I have just started running/jogging for the first time in my life. I would like to do both the scrambel, I heard it is more a social event for slower runners, l and Careytown 10 K. Any advice would be appreciated.
I would not say the scramble is more social or for slower runners. The scramble involves climbing ladders, railroad ties, jumping from rock to rock, single path trails, climbing stairs, running on top of the floodwall., etc Many of the sections are just a few feet wide running through the woods. If you are not holding your pace you will be holding people up behind you. It's certainly not a event that you can run side by side and carry on a converstation with someone.
It's a blast and would highly recommend doing it however I would recommend starting near the back of the pack if you are a "slower" or novice runner. Your Scramble time will be much slower than a comparable road 10k. The Carytown run or even Ashland this weekend are very "social" events. Carytown is larger but you will never find better host and giveaways than in Ashland. Both would welcome beginner runners and walkers.
As a novice runner, it may be too much to ask your body to run two 10K races in a 24 hour period. This is especially true given that the Scramble is a technical off road race that entails more than just putting one foot in front of another. If you do not have experience running on single track trails or rock hopping, you may want to try a shorter trail type race prior to committing to the Scramble to get a feel for what you will encounter.
Also, do not overlook the large number of 5K's in the area that will allow you to develop speed while working on your pacing. Racing is something that you build up to, be sure that you have proper training and mileage under your belt so you avoid injury.
Instead of doing the Scramble as a race this year, get a group of friends and go check out the course on your own. I did this with a friend who had actually run the scramble. It was fun doing it with no race pressure, but it made me realize that doing the race would be too much for me, given my very limited time doing trail runs. Trail running is different from running on the roads. Whenever there's something that requires climbing ladders I make my husband do it. And I was told I couldn't do that in the middle of the scramble!
In the past - after the race - the Scramble has been fairly social (people hanging out, sort of a festival atmosphere), that was in the past when it was associated with XTerra. It appears that Sportsbackers is trying to keep that same atmosphere with this edition as well.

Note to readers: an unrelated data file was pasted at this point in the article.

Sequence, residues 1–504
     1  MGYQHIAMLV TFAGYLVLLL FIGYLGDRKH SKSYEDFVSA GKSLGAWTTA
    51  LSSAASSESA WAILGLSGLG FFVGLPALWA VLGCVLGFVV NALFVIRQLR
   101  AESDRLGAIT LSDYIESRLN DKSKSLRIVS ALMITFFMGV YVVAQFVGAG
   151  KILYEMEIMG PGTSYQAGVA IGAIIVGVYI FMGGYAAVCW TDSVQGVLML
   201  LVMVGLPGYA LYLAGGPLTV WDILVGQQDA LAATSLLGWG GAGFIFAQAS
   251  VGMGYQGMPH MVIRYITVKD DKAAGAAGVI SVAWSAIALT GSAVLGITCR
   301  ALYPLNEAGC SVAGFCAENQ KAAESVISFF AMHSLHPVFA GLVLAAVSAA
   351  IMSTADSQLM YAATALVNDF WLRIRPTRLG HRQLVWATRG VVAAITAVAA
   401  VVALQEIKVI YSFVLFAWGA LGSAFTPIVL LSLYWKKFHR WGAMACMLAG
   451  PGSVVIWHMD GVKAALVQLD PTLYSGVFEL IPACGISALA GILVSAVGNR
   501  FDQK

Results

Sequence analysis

That said, the course itsself is pretty challenging (more so than the average 10k). Typically folks who run a sub 40 10k on the roads will run a 42 or 43 minute scramble. I think it's fairly safe to take your average road time, and add 5 minutes to account for the nature of the course (obstacles, "traffic jams" on the single track, etc).
I'm not trying to discourage you from doing either, but like Gary said, being a beginning runner, you might want to choose to do one, and not do both. What I might suggest, is to go down and spectate at the scramble, enjoy the atmosphere, I think there are going to be bands on Browns island, and kayaking, and Mtn Biking etc. Then go and enjoy a nice run at the Cary Street 10k the next morning.
Have fun, and maybe next year come out and do the full weekend.
The Scramble is a blast!! Loads of fun, but the course is not "fast" so when people say "for slower" runners, most likely they are only looking at the time and not taking into account the terrain. What can I say, flat road is always faster than rock hopping and stair climbing. If you are looking for "double" fun and think back to back 10Ks is a tad much, then check ou the Flithy 5K that Friday evening. I understand there will be obstacles and a mud pit. Besides the normal overall and age group awards there is also an award for the muddiest runner. Sounds pretty cool to me.
I'm a new runner also and I've just completed my first 10k. It was the Monument Ave. 10k, it was awesome! But I have to say, I was a little sore the next day. I'm not an expert or anything, but I think you might want to rest your body after one 10k. Being a beginner, you might not want to do two 10k's back to back in 24 hrs. You don't want to injury yourself and not be able to run for a while.
Thanks for all the advice!
I think I am going to do the Filthy 5K and the Carytown because I promised a friend I would do that with her.
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I would have to say that as an inexperienced runner and especially inexperienced at trail running, I am so glad that I chose to do the Scramble last year, even though I was very reluctant to do so. It was a ton of fun and as some advised, I started at the back of my wave and I took each section for what it was and savored every moment of each part of the course. I did not care how long it took me, but I made a point to let faster runners pass me, as long as you are aware of your surroundings and heed trail running courtesy (when someone is behind you and says "on your left" you try and stay on the right to let them pass you), you can have a fun time and challenge yourself. I think that the real challenge as a new runner would be doing Carytown the next day, because of the nature of the Scramble you might be more sore than a typical 10K, but hey, you can always just walk Carytown and use it as a fun recovery workout. I am registered for both this year, no matter what, just plan to have fun.